Reasons to Pursue an Online Ph.D. in Accounting
Students who pursue a Ph.D. in accounting online often complete the degree more quickly than on-campus students. Online learning provides the flexibility working professionals need to balance academics with their current career. Additionally, an online education often costs less than an on-campus program. Below are some common reasons learners choose to pursue a Ph.D. in accounting online.
Advance Your Career
A Ph.D. in accounting is the highest level of education available in the field. With enough experience, professionals with a doctoral degree can qualify for nearly any accounting career.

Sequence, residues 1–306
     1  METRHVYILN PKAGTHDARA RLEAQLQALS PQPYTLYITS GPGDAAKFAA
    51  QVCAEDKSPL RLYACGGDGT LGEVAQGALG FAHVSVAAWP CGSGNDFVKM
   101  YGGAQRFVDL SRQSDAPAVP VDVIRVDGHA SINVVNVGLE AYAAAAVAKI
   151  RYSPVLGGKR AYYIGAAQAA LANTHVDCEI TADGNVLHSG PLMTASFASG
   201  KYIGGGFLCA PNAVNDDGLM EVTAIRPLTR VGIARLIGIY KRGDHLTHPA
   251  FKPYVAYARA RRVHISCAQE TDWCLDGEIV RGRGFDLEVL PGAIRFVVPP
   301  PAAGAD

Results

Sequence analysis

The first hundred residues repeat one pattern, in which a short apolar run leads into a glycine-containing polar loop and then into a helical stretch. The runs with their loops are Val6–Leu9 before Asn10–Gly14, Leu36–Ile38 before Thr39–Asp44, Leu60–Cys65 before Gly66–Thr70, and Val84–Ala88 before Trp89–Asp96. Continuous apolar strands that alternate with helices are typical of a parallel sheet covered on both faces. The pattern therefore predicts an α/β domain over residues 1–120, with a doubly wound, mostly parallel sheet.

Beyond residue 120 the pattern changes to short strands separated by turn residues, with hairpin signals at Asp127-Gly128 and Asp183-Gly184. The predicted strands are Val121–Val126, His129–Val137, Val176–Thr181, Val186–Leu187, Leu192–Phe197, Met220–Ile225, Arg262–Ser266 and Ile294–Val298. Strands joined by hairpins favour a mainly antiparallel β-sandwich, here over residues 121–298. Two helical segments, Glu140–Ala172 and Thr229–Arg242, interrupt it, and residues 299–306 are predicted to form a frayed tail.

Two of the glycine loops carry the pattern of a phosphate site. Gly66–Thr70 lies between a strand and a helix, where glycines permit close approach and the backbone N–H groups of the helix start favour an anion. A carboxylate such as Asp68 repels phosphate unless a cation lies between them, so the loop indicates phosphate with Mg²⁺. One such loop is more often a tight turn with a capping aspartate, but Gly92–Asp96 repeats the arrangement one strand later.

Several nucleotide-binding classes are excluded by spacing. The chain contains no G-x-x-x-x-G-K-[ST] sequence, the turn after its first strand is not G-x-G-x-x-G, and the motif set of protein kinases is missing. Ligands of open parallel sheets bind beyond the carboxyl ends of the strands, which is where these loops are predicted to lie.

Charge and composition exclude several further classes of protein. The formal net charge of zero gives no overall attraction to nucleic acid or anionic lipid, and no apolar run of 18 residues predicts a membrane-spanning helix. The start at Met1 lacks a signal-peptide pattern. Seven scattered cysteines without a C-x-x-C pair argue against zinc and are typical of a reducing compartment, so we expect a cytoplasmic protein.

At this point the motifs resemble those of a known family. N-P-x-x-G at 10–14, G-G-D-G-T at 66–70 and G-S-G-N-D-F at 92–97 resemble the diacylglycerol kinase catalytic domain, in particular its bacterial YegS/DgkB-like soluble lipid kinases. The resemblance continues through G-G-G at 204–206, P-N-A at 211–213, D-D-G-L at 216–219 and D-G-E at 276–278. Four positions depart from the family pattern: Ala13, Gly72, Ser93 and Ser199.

After earning a bachelor's in accounting, many students want to deepen their understanding of accounting. Ph.D. programs cover advanced theories and include research opportunities.
Become a Leader
Accountants with a doctorate are more likely to publish their work, which can lead to speaking roles and research opportunities. Earning a Ph.D. can help individuals become leaders in the field.
Find a New Position
Professionals who intend to leave their current accounting role to pursue a career in academia typically need a doctorate. Many higher education institutions require accounting professors to hold a Ph.D. in the field.
Higher Lifetime Earnings
Professionals with higher levels of education typically earn higher salaries. Earning a Ph.D. in accounting online can lead to higher lifetime earnings, making a doctorate a sound investment.
What Can I Do With an Online Doctorate in Accounting?